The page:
Interest is the cost of, either borrowing or lending, doing business. Even non-business people are not immune from the interest rate fluctuation. Let’s see: mortgage, rent, credit card, car, student loan, or price of groceries. Its presence is omnipresent in our everyday life.
So when the Federal Reserve began to raise the interest rate a year ago in its efforts to tame the inflation, the impacts both foreign and domestic are far and wide. And one such example and the big news in the market today is the collapse of the Silicon Valley Bank.
Certainly one bank’s failure does not define the entire financial sector. However, the Fed is expected to raise the interest rate again later this month. Will the banks’ profit continue to erode as a result?
Before you join the sucking sound of other depositors rushing out the door to withdraw money, there is no need to panic. Most deposits in the US are insured by the FDIC (Federal Deposit Insurance Corporation) up to $250,000. And if you have more than quarter of a million in deposit?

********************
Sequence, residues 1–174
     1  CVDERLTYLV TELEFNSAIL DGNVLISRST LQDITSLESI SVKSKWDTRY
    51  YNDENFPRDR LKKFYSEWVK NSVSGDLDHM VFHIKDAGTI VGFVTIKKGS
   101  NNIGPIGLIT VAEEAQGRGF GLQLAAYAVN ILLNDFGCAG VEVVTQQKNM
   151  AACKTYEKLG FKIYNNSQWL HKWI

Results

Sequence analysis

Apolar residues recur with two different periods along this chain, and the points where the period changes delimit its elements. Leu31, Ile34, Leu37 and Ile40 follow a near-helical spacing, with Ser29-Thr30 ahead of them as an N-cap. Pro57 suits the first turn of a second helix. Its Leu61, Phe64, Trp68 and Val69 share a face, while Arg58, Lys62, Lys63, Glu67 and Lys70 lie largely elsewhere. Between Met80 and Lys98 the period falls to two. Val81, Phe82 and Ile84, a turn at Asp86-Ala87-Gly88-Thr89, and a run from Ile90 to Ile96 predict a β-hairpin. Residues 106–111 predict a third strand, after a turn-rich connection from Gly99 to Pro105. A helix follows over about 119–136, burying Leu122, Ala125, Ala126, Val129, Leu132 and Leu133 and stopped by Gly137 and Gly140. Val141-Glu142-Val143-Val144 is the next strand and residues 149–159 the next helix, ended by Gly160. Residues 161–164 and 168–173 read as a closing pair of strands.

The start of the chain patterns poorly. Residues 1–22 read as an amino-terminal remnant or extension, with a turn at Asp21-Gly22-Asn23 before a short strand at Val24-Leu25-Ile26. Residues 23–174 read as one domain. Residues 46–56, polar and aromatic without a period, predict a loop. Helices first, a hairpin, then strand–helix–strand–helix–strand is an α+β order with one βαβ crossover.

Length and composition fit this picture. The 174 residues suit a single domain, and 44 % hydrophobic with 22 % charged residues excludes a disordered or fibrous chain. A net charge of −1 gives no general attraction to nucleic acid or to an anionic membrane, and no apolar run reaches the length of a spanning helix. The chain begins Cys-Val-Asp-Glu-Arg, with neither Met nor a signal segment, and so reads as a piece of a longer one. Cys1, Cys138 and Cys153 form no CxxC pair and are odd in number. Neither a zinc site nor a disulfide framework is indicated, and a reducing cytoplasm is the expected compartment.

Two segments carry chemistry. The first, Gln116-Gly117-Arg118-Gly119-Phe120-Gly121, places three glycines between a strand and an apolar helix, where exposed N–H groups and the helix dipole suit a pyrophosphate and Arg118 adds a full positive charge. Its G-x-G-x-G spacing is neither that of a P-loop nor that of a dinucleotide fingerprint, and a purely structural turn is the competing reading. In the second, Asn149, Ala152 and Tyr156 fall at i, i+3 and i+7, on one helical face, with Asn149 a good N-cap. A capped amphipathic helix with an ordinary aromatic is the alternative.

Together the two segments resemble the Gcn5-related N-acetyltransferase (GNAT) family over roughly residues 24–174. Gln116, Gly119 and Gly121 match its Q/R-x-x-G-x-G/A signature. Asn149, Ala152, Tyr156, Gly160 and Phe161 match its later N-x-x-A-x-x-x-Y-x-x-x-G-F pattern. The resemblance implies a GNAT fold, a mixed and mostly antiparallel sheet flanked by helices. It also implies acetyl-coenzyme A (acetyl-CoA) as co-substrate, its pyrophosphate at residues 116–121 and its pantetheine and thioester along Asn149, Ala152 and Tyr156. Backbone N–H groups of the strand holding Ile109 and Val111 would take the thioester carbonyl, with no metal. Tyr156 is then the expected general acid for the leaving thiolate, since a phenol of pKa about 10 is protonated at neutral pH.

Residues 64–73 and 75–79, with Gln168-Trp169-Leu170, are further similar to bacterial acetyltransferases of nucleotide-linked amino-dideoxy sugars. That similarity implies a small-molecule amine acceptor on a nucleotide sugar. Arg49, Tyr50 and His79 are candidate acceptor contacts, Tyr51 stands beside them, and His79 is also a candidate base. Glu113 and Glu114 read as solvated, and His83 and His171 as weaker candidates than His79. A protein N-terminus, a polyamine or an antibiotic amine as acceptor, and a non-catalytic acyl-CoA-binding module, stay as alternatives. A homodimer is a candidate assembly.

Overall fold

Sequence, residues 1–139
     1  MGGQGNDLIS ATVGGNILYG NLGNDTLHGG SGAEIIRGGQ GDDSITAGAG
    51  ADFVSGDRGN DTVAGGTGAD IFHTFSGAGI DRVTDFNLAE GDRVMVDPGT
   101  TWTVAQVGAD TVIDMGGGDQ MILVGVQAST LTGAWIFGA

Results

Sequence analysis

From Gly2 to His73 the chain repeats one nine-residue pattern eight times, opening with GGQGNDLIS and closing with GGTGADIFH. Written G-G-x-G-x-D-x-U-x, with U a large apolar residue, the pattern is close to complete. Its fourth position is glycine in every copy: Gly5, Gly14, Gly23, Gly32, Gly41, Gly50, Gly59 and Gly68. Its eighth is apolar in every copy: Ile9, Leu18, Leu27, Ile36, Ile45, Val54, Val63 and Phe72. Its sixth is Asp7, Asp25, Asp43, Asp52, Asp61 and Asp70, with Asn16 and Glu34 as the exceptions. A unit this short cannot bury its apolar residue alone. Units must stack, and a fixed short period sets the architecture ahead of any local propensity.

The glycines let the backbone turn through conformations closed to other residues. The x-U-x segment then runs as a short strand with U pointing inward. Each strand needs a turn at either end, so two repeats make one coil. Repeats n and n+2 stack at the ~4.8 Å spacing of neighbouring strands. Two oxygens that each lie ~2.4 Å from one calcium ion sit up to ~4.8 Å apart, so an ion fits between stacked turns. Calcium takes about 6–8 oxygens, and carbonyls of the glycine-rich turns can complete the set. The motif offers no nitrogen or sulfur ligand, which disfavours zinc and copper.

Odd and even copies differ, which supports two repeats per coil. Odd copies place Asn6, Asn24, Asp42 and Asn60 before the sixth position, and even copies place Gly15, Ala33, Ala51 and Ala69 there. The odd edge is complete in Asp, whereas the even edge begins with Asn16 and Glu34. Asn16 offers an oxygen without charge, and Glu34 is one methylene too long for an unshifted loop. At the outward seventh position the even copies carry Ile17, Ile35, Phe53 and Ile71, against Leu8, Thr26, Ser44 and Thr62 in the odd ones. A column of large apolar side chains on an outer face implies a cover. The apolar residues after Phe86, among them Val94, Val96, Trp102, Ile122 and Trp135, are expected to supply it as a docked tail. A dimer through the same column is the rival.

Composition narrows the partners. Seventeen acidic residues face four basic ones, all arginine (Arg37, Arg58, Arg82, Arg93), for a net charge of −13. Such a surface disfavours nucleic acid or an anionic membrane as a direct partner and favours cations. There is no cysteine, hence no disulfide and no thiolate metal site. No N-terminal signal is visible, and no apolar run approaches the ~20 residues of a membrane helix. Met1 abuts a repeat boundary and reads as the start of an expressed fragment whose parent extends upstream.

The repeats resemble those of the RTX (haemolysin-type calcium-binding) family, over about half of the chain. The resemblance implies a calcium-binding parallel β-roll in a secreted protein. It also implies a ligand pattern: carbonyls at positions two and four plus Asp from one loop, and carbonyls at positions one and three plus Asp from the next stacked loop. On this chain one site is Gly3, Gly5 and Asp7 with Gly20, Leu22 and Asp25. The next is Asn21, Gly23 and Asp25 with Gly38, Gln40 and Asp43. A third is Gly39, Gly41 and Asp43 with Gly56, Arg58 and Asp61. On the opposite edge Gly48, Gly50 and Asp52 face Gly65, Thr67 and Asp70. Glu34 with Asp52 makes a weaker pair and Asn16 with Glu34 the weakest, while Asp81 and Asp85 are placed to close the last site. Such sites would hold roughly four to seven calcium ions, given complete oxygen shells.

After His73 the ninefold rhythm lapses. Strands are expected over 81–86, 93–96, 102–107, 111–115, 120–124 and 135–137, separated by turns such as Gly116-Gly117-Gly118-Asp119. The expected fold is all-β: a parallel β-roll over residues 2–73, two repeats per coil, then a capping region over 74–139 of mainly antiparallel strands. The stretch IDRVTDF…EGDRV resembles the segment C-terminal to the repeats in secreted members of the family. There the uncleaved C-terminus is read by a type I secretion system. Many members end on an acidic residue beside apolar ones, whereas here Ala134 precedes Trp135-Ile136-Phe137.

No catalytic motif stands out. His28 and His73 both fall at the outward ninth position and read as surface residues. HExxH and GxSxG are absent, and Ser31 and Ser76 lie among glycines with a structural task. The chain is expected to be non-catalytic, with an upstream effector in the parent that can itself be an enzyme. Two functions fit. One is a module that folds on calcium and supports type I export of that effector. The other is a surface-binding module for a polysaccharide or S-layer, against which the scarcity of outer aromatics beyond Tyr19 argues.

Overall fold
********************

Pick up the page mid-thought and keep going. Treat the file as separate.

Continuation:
Seek professional advise.
How high do you think the interest will go?
Until the tide changes they will keep jacking the rate.
With all the coverage of SVB going bust, the talking heads have noted that banks are more diversified and stronger than in 2007. And this failure wasn’t cause by CDOs and bad mortgages. It was caused by high interest rates and basically a run on the bank.
A lot of start ups had hundreds of thousands or millions on deposit. I expect to see several start-ups go belly up since their VC cash has vaporized.
It could get interesting in the tech sector for the next year or so.
I think some CFOs learned a valuable lesson about where to stash the cash.
Yes Andy, the story continues . . .